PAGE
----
DBT uses this contradiction in a therapeutic way. People in general, including non-BPD people, are more likely to cooperate and change their behaviors if they feel understood and acknowledged. In DBT, the therapist first joins with the patient and acknowledges that their current behaviors make sense in context of past experiences. They’re doing the best they can. Once they have the patient’s permission and trust, they then offer alternative approaches to the problem.
“You are so good. So good. You’re always feeling so much. And sometimes it feels like you’re gonna bust wide open from all the feeling, doesn’t it? People like you are the best in the world, but you sure do suffer for it.” — Silas House.
What’s DBT like?
DBT involves both group and individual therapy.
Group therapy follows a very specific outline made up of four modules. The class involves loads of homework, i.e. working on specific coping skills. These skills are practiced and reported back to the class. The four modules include:
- Mindfulness. Strengthening the “self” by embracing the moment.
- Interpersonal skills. Highlights social skills and assertiveness training
- Emotional regulation. Aims to better understand and deal with negative emotions, while increasing positive emotion
- Stress tolerance. Presents specific coping skills to increase resilience.
Individual therapy focuses on reducing self-injurious behaviors, dealing with crises, and balancing acceptance with change. The DBT therapist is typically available 24/7 to help patients use their coping skills in a crisis.
How about an example?
Here’s a quick example. The Stress Tolerance Module starts with a page devoted to “Crisis Survival.” When dealing with a crisis, there are four options the patient can try.
(1) Distraction methods using the mnemonic “Wise Mind ACCEPTS”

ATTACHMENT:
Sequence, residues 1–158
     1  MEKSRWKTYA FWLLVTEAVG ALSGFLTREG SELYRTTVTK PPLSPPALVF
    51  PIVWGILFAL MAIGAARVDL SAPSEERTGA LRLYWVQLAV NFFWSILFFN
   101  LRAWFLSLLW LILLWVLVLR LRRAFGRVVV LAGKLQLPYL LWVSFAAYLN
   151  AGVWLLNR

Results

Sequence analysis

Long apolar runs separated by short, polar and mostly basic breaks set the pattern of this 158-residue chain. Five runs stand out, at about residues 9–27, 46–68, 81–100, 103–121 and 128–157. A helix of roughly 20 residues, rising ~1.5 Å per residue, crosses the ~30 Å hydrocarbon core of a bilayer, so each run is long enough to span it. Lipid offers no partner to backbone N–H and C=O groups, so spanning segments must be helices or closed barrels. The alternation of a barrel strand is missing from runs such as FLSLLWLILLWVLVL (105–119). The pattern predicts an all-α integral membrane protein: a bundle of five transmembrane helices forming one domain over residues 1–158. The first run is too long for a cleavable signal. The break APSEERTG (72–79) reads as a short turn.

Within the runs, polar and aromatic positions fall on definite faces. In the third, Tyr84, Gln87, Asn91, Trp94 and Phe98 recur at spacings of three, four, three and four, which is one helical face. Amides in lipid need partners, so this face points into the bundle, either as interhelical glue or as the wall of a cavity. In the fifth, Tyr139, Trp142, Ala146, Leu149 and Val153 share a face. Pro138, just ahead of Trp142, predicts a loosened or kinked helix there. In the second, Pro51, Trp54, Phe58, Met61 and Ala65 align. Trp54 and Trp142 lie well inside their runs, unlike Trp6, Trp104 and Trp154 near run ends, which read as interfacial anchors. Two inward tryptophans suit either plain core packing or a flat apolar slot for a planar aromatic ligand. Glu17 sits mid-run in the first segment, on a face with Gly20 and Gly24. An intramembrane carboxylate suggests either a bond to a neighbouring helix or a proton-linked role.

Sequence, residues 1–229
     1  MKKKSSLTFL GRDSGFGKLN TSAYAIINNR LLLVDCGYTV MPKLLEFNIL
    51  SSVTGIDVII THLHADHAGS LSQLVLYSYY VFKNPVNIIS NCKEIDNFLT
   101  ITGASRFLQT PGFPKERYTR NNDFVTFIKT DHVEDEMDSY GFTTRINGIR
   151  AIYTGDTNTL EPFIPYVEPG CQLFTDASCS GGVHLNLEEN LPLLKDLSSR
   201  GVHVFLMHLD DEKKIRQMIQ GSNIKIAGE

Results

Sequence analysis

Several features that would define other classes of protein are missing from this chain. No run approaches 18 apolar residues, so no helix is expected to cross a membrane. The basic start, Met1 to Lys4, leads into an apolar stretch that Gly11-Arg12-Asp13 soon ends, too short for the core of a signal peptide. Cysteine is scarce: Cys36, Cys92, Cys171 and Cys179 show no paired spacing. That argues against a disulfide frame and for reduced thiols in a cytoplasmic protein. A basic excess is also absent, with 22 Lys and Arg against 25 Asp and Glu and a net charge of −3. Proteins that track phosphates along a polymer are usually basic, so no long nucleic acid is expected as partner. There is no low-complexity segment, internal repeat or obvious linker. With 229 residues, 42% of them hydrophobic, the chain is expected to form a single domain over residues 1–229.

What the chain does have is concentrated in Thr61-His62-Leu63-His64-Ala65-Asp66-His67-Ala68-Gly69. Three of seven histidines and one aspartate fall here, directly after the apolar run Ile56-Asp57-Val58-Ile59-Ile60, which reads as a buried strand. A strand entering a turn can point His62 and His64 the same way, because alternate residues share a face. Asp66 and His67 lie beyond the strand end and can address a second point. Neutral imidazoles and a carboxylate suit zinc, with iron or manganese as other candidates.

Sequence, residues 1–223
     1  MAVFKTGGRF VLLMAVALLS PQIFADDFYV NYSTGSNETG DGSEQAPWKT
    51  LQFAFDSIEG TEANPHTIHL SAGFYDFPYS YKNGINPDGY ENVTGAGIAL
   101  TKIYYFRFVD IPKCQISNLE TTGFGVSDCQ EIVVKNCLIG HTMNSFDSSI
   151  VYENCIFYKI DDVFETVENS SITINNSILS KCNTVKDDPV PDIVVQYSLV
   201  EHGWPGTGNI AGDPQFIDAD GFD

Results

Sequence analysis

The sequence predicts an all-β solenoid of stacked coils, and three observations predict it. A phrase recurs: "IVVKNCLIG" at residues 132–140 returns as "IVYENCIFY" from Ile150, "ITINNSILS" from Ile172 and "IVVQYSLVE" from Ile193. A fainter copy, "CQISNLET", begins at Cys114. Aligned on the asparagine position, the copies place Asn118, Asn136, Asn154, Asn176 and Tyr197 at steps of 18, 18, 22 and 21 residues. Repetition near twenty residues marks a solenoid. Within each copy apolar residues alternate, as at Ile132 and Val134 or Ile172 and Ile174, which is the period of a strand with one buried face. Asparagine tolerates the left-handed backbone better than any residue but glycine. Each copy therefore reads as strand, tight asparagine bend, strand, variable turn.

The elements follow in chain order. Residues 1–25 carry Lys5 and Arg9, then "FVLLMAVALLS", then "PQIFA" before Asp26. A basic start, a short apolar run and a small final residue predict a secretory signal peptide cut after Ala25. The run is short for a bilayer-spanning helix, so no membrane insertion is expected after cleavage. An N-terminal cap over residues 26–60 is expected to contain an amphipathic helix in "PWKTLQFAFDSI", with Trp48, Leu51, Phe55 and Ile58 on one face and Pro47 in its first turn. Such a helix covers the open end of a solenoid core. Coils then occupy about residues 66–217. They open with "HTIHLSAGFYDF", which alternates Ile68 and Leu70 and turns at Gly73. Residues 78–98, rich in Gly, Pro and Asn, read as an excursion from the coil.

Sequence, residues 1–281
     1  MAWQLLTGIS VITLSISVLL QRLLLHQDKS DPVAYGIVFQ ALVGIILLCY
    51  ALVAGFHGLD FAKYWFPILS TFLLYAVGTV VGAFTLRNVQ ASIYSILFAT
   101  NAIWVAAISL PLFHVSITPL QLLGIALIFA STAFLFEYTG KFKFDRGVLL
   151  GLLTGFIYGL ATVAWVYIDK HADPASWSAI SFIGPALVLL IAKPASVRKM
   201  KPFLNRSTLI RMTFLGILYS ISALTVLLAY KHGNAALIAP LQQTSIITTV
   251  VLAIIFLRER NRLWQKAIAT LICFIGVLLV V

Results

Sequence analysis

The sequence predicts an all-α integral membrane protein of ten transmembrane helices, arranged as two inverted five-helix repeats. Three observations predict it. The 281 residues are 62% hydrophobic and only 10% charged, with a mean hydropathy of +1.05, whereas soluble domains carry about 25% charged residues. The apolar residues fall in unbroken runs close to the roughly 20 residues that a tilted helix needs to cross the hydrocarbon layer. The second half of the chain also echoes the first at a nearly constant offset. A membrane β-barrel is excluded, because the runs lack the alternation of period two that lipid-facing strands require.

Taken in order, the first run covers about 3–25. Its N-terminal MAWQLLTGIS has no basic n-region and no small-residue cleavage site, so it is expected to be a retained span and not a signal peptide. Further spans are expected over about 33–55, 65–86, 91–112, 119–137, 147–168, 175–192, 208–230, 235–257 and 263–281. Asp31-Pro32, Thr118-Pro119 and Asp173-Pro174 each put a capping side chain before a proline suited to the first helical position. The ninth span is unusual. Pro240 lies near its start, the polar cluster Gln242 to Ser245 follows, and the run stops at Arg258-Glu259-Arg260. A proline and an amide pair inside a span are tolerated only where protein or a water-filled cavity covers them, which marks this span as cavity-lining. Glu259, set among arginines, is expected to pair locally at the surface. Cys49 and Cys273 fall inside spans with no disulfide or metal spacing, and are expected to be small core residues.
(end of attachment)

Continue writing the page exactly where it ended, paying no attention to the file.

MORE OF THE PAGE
(2) Self-soothing exercises
(3) Improving the moment using the mnemonic “IMPROVE”
(4) Weighing the pro’s and con’s of what they’re doing
Let’s hone in on #3, improving the moment: IMPROVE. IMPROVE stands for:
- Imagery (different examples of imagery are offered)
- Meaning (the patient is encouraged to find purpose in their situation)
- Prayer (or spiritual/philosophical reflection)
- Relaxation (examples include muscle relaxation, a hot bath, or getting a massage)
- One thing in the moment (focusing all energy on the now)
- Vacation (methods of escape are described, including getting in bed and pulling the sheets over one’s head, checking into a hotel and turning off the phone for a day, or going to a park and lying on a blanket)
- Encouragement (being one’s own cheerleader, repeating a soothing phrase over and over, like “It won’t last forever.”)
People with BPD tend to have dramatic, painful lives filled with crises and meltdowns — and limited resources to deal with them — so these seven stress-busting methods can be a godsend. Typically the facilitator reviews the skills in great detail. They give personal examples. The skills are play-acted in class. Afterwards, students practice the methods at home and report back when they next meet. There are homework sheets and coping skill diary cards to help organize efforts.
Where can I learn more about DBT?
If you’re interested in learning more, talk to your provider or check out DBT programs in your area. Alternatively, look into self-help DBT books or dbt self help websites.
DBT focuses on helping people with BPD learn how to live and love life. This includes a medley of skills ranging from Eastern mindfulness and a deeper sense of self to assertiveness, resilience, and regulation of emotions. In the end, these are skills we all use (or could use) in our day-to-day struggle to enjoy life.
“It was really hard for many, many years. But I’ve learned to grow with the way I was born with BPD. I love myself now and because I have been through so much…. I can help [others] so much.” — Anonymous, FB user.